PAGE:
We have been discussing a slew of defamation actions this year. Indeed, for a torts professor, this could prove the golden age of defamation. Recently, new such cases were filed against Fox News, CNN, and various public figures. Those cases join various cases against figures like Donald Trump, who recently lost a major ruling. It now seems likely that Florida Rep. Matt Gaetz will be sued in the ongoing scandal involving allegations of sex trafficking. Like many, I was surprised to watch Tucker Carlson’s interview with Gaetz on the first night of the scandal and hear Gaetz identify by name (and law firm) the lawyer who he claims was extorting him. That lawyer is former Justice Department lawyer David McGee, who presumably will be filing a libel action against the congressman. This could prove a “double tap” for Gaetz, 38, who could face a criminal charge and a civil lawsuit as a result of the scandal.
Gaetz denies that he ever had a relationship with a 17-year-old girl. Instead, he offered an elaborate account of an effort to extort him for $25 million in a bizarre plan to secure the release of hostage Robert Levinson, a former DEA and FBI agent who disappeared in Iran in 2007. Levinson is believed to have been on a mission for the CIA at the time.
Gaetz released a statement that “Over the past several weeks my family and I have been victims of an organized criminal extortion involving a former DOJ official seeking $25 million while threatening to smear my name.”
David McGee served for the Department of Justice and has practiced law for 37 years. He now practices in Florida at the firm Beggs & Lane.
Both Gaetz and McGee refer to a call that McGee had with the Gaetz’s father, who reportedly taped the call at the request of the FBI. Both Gaetz and McGee insist that the call will clear them. Unidentified sources deny that the call contains the extortion demand by McGee.
If Gaetz’s account is false, this is a particularly strong defamation case. The extortion allegation would fall into a per se category of defamation. Those per se categories commonly include (1) “imputation of certain crimes” to the plaintiff; (2) “imputation . . . of a loathsome disease” to the plaintiff; (3) “imputation . . . of unchastity to a woman;” or (4) defamation “affecting the plaintiff in his business, trade, profession, or office.” In Florida, the courts describe such actions in the following way:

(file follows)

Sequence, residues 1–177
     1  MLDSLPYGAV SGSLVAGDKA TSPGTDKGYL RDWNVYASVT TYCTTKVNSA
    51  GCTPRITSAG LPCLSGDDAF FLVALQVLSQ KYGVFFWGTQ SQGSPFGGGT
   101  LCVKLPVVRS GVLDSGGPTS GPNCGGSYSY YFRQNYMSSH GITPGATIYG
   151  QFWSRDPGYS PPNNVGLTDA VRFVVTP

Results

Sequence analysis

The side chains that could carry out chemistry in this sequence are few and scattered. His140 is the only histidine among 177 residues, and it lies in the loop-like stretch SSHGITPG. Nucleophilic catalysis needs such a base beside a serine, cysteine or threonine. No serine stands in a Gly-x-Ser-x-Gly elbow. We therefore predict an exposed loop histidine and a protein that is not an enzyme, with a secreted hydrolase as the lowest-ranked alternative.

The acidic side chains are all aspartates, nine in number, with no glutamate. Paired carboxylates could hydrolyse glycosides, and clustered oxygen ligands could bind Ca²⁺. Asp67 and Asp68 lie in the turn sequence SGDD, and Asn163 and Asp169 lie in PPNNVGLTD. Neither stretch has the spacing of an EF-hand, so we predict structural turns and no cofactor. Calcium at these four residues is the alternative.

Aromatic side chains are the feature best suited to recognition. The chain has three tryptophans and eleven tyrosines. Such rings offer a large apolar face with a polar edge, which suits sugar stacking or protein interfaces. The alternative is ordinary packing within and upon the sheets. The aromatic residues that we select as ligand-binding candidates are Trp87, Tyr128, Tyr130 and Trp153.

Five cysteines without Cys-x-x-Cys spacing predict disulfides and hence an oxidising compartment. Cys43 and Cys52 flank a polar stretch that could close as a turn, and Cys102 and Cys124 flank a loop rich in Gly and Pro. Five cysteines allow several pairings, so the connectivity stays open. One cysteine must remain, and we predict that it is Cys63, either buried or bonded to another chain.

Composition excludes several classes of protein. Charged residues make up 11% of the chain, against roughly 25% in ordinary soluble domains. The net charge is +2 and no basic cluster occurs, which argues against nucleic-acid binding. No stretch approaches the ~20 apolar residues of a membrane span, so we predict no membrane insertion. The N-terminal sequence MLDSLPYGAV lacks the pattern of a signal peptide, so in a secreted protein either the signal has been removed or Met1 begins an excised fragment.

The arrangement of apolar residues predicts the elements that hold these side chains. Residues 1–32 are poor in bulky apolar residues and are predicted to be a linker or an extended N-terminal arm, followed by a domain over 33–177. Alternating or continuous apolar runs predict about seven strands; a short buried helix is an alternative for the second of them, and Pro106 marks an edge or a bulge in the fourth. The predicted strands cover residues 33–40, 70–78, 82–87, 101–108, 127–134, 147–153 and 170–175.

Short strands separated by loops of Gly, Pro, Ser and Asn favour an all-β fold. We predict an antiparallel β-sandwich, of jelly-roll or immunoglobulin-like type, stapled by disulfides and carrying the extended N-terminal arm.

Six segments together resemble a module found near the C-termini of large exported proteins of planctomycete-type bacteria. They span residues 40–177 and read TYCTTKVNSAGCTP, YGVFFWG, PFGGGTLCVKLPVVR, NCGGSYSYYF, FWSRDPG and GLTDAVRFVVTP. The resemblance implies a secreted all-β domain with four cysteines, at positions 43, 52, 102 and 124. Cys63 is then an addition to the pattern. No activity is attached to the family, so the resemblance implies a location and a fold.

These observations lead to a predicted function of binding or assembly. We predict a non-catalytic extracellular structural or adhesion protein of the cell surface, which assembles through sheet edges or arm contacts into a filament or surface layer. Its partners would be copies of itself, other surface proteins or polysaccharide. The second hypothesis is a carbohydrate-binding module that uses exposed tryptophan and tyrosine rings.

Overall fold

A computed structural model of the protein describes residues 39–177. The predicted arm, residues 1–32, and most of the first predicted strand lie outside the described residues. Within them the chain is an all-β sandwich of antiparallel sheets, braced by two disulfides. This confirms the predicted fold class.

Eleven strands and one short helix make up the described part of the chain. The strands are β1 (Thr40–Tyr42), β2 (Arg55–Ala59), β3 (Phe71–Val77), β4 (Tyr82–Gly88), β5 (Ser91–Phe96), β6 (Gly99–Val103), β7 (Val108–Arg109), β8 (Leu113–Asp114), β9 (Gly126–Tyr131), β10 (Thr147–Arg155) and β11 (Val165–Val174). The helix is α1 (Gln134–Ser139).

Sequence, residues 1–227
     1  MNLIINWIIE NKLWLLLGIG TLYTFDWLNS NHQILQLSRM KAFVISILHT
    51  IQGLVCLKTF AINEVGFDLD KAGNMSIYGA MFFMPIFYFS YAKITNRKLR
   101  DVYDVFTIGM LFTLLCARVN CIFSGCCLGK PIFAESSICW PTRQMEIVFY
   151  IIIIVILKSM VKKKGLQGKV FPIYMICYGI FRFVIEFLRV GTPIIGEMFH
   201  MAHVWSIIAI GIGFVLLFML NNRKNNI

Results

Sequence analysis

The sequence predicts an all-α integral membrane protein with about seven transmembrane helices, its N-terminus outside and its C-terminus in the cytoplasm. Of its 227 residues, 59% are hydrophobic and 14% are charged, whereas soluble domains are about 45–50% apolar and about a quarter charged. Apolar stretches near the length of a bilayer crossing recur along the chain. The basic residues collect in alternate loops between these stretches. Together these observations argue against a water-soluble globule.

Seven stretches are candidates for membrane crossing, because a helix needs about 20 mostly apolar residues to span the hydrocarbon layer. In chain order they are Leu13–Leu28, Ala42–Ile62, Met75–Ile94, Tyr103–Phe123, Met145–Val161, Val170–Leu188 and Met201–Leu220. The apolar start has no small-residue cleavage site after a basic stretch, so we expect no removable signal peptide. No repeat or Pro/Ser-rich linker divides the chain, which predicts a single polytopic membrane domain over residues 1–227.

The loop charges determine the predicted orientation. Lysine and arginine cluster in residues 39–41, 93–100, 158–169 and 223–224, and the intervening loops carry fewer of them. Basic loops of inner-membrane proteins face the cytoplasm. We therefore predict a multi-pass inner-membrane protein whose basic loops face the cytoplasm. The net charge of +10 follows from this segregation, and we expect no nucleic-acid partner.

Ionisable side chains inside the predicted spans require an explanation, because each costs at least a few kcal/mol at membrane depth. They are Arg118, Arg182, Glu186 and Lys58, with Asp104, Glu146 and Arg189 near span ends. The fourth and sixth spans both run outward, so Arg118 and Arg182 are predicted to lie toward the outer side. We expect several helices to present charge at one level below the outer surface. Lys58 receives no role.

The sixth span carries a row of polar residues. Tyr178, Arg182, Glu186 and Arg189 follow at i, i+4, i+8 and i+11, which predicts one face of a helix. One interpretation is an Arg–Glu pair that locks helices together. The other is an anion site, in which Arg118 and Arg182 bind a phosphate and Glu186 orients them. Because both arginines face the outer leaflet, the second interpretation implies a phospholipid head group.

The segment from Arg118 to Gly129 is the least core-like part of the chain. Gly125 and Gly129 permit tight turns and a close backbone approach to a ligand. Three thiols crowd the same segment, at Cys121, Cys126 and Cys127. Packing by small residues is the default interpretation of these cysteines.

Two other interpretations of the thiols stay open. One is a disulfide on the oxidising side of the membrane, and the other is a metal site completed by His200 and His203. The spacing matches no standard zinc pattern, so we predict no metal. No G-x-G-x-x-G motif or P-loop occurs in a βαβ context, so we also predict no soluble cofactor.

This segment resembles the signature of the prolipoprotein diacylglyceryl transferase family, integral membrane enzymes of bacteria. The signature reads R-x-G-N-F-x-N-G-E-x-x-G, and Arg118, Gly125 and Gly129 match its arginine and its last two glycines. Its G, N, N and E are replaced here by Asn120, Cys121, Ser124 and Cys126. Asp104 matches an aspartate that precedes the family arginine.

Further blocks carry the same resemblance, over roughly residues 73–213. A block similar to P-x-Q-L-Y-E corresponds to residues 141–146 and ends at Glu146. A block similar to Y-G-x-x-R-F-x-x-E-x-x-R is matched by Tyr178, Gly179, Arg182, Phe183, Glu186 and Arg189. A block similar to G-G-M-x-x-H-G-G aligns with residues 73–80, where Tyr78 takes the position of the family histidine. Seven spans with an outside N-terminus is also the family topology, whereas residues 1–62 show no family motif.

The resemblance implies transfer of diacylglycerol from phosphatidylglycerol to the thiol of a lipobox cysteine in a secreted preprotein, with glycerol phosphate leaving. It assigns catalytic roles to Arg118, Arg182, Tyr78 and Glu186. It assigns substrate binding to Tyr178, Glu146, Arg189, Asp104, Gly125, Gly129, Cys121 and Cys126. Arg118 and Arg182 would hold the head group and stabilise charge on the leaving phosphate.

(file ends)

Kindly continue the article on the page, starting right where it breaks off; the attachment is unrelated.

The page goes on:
“A written publication constitutes libel per se under Florida law if, when considered alone and without innuendo, it (1) charges that a person has committed an infamous crime; (2) tends to subject one to hatred, distrust, ridicule, contempt, or disgrace; or (3) tends to injure one in his trade or profession.”
Alan v. Wells Fargo Bank, N.A., 604 F. App’x 863, 865 (11th Cir. 2015).
This would satisfy both per se categories for alleging criminal conduct and impugning a professional reputation. Broadcast news is treated as libel rather than slander in most states, though there are also written statements by Gaetz to support a libel charge (with presumed damages). “The significance of the classification of a communication as actionable per se lies in the fact that its victim need not plead or prove malice (except where a privilege is involved) or special damage because malice and the occureence [sic] of damage are both presumed from the nature of the defamation.” Wolfson v. Kirk, 273 So. 2d 774, 777 (Fla. Dist. Ct. App. 1973).
One question will be the legal status of McGee and whether he constitutes a public figure.
This issue will turn on Gertz v. Robert Welch, Inc., 418 U.S. 323, 352 (1974) and its progeny of cases. The Supreme Court has held that public figure status applies when someone “thrust[s] himself into the vortex of [the] public issue [and] engage[s] the public’s attention in an attempt to influence its outcome.” A limited-purpose public figure status applies if someone voluntarily “draw[s] attention to himself” or allows himself to become part of a controversy “as a fulcrum to create public discussion.” Wolston v. Reader’s Digest Association, 443 U.S. 157, 168 (1979).
The standard for defamation for public figures and officials in the United States is the product of a decision decades ago in New York Times v. Sullivan. This is precisely the environment in which the opinion was written and he is precisely the type of plaintiff that the opinion was meant to deter. The Supreme Court ruled that tort law could not be used to overcome First Amendment protections for free speech or the free press. The Court sought to create “breathing space” for the media by articulating that standard that now applies to both public officials and public figures.
McGee is likely a public figure since he has handled high-profile cases and engaged in public interviews. If so, in order to prevail, McGee must show either actual knowledge of its falsity or a reckless disregard of the truth.
That is usually a very difficult standard to satisfy but this case may be an exception. Gaetz maintains an open and direct extortion demand: $25 million and the sex trafficking allegations would go away. Gaetz further maintains the call will show such a scheme.
It is hard to believe that the call shows such clear extortion when the FBI was listening and did not arrest McGee. Instead, sources indicate that it is Gaetz who is facing a criminal charge in conjunction with Joel Greenberg, a former Seminole County tax collector who was charged last summer with sex trafficking.
We still have surprisingly little confirmation on basic facts like the very existence of this underaged girl. However, a defamation case would seem obvious if this call is not the smoking gun evidence claimed by Gaetz.